Istanbul, Reuters—Two Turkish ministers resigned on Wednesday after their sons were arrested in a corruption investigation that has pitted the government against the judiciary and rattled foreign investors.
Interior Minister Muammer Guler and Economy Minister Zafer Caglayan each had a son among 24 people arrested on graft charges on December 17 in a case involving the chief of state-run lender Halkbank. Neither minister has been implicated and both say their sons are innocent.
Prime Minister Tayyip Erdoğan has responded to the investigation by purging police officers involved, including the chief of the force in Istanbul, Halkbank’s headquarters.
The Erdoğan government portrays the scandal as a foreign-orchestrated effort to sow discord in Turkey. The country has flourished economically during the Islamist-rooted premier’s three terms, though he has been accused of authoritarianism.
“I have resigned from my post of economy minister to help the truth to come out and to foil this ugly plot, which has impacted my child and my close work colleagues among others,” Caglayan said in a statement.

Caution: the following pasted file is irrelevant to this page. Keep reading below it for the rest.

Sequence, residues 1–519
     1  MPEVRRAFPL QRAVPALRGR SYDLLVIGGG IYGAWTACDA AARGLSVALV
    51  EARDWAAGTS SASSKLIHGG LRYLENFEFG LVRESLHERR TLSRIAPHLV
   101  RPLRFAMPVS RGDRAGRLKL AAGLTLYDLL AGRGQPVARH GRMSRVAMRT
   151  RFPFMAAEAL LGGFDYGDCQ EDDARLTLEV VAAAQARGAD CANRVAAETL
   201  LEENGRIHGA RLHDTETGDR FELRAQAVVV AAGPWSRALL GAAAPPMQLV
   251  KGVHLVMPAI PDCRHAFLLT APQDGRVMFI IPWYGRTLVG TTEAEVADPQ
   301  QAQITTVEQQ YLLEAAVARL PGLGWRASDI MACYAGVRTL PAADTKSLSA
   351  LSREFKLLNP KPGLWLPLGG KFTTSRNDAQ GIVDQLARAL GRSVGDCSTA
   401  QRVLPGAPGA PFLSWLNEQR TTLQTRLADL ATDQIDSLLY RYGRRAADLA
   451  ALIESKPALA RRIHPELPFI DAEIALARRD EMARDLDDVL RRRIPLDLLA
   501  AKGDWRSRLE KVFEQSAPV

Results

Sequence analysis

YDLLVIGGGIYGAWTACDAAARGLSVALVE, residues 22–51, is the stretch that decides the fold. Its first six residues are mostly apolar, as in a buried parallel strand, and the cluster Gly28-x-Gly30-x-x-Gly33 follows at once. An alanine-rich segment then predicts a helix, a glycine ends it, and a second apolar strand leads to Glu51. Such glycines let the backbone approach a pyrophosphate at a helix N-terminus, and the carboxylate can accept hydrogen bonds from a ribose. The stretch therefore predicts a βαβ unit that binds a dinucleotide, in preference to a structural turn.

In a separate statement, Guler called the affair “a dirty set-up against our government, party and country”.
With international trading on hold for Christmas, the resignations were unlikely to have a strong market impact in Turkey. The lira had plunged to an all-time low of 2.0983 against the dollar on Friday but rallied to 2.0801 on Tuesday.
Among many Turks, the affair has reignited anti-Erdoğan sentiment that had simmered since the mid-2013 mass protests against his rule. It also drew an EU warning that Ankara needed to safeguard the separation of powers.
Political analysts see some sapping of popular support for Erdoğan’s AK Party but no immediate threat to the government. The scandal could, however, hurt AK’s standing in local elections due in March. The next national ballot is in 2015.
Moving to salve the domestic divisions, President Abdullah Gul pledged on Tuesday that there would be no cover-up and that the investigation would be adjudicated in independent courts.